Does their employee life event require update or delimitation of their spouse or dependent information?

Infotype 0021 Family/Related Person

If you are processing employee address changes, do they also have a bank change that would impact their direct deposit?

Infotype 0009 Bank Details

Does their leave event require a change to their travel privileges while on leave?

Infotype 0017 Travel Privileges

 

After you determine what data you want to collect, you need to determine which statuses to assign.

Just a note:  It is possible to create an action without an infotype 0000. For example, if you are creating an action to update an address, you can decide whether or not you want an infotype 0000 to be recorded for the address change. The system already date delimits the old address, so history is properly preserved. Therefore, you may not want an infotype 0000 created.

What statuses do I want to assign?

Actions can be used to change the status of an employee—e.g., new hire actions make them active, terminations make them withdrawn, etc. You have three options for the statuses to assign for each action. The first is the basic employment status. You use this to set the status to which you want the employee to be changed. This appears on infotype 0000 in the Employment Status field. The options include:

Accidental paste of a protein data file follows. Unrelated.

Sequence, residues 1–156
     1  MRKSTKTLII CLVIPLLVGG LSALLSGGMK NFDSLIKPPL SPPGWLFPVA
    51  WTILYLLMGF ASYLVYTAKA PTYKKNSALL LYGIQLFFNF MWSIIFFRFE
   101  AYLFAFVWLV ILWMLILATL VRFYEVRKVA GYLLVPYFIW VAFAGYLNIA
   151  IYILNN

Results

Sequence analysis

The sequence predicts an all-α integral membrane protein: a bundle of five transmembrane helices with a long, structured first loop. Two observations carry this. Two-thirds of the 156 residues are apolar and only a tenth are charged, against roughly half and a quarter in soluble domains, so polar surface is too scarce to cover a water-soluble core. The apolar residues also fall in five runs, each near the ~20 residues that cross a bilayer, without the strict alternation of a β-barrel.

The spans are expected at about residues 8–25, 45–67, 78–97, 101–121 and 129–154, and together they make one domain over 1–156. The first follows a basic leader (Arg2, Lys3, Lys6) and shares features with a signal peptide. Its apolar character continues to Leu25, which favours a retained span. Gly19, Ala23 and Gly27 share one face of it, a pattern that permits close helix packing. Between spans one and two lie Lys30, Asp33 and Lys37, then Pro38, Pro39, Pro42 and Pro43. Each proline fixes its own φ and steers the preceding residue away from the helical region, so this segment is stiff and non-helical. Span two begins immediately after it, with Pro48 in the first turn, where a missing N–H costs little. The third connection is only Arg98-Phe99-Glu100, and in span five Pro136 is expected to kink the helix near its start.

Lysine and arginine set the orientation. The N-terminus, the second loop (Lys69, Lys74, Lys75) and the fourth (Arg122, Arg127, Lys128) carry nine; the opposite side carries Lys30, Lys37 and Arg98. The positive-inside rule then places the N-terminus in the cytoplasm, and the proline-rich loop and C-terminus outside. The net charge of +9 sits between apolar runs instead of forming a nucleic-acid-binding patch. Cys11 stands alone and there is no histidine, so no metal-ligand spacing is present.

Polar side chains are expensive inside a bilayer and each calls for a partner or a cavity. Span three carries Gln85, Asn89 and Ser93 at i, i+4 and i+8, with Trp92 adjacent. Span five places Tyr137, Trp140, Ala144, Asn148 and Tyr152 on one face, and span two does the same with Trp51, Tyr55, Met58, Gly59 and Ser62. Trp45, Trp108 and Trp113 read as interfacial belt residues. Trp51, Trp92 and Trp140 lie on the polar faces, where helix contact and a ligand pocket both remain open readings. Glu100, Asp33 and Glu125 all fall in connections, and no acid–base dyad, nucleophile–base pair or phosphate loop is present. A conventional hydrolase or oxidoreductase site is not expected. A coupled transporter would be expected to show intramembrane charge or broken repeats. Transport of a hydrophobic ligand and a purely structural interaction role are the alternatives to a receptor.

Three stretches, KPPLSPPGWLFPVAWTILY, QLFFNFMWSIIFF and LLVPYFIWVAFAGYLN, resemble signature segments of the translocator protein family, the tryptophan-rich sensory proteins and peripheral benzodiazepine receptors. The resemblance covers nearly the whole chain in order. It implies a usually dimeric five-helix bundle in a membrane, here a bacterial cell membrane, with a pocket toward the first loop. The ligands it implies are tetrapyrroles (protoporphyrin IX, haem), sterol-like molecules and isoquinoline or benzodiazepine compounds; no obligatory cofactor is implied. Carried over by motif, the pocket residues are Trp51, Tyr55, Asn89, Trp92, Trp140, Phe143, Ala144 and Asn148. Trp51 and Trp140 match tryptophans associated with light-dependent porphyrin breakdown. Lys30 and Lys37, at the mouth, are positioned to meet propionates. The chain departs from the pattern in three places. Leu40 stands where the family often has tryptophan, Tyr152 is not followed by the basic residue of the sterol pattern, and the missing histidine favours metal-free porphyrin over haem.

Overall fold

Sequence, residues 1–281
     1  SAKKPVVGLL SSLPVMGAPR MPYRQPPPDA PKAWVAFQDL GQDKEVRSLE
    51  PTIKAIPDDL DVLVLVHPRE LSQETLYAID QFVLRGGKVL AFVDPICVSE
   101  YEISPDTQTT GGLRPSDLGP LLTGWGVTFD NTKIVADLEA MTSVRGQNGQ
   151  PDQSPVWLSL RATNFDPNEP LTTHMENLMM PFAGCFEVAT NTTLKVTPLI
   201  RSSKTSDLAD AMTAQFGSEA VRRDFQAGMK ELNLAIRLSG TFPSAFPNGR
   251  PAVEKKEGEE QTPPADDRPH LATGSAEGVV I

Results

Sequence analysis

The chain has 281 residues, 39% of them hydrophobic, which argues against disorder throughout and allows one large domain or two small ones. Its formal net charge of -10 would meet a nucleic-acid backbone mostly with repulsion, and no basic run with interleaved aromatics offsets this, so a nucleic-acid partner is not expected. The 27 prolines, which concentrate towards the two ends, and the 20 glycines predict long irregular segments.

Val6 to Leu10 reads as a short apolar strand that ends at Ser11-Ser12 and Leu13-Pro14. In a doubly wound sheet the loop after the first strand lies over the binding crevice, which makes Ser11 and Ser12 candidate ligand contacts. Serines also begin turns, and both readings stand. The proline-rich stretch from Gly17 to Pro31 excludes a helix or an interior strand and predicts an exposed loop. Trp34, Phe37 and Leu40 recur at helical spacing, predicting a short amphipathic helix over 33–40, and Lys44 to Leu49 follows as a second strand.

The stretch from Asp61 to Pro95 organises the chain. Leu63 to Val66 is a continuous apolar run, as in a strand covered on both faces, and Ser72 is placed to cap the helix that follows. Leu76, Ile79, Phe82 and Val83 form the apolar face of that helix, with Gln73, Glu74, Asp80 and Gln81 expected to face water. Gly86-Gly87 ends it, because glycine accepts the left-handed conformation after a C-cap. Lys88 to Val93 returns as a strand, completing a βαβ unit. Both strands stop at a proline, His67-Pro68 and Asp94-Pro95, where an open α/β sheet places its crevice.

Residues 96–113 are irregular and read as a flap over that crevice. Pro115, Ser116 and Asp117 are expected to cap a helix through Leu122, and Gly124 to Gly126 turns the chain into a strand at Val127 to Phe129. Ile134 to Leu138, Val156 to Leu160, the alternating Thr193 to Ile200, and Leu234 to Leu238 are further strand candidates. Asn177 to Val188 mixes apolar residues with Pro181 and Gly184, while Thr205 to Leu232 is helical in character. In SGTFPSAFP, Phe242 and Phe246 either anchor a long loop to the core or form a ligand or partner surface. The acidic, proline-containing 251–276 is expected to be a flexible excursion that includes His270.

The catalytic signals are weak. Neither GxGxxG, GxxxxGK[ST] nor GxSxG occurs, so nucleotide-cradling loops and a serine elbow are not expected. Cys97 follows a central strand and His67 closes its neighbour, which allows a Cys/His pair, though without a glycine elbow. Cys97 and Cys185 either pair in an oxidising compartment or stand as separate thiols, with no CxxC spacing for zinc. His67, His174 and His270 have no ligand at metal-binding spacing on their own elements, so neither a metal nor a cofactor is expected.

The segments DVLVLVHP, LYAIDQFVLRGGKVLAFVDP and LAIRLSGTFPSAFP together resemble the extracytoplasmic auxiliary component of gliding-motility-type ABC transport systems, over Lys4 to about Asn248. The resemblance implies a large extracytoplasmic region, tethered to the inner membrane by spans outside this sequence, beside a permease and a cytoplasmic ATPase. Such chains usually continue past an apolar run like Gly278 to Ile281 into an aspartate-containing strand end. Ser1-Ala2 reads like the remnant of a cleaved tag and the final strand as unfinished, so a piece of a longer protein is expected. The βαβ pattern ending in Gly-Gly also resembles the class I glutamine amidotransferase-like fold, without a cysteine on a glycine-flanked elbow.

• 0: Employee not with company (used for termination actions)
  • 1: Employee with company, but inactive (used for unpaid leaves)
  • 2: Employee with company, but as retiree (used for retiree actions)
  • 3: Employee active in company (hire/rehire and non-status change organizational actions).

The next status is the Special Payment Status. The three options that would update the infotype 000 are:

  • 0: Special payment: no entitlement
  • 1: Special payment: standard wage type
  • 2: Special payment: special wage type

The third status, Customer Specific Status, is optional. To learn more about it see this blog:“A Quick Fix to Employee Status that can improve your HCM Reporting”. 

Maximizing the use of Reason Codes

The use of reason codes can really make or break you when it comes time to evaluate employees who have undergone actions. The termination example is a good indicator of that. Without recording why someone was terminated, the actual record of a termination action does not give you much. A best practice is to determine what reasons you want to track and to evaluate your turnover reports to see what your needs really are. After making a list of termination reasons, see if you want to group them to make them more useful as shown in the table below.